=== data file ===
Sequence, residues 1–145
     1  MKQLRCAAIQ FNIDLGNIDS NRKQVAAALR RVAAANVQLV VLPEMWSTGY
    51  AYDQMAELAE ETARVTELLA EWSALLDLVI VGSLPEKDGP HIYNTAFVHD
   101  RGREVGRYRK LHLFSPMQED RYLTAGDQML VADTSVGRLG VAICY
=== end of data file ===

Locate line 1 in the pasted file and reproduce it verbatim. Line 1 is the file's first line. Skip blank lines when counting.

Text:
Sequence, residues 1–145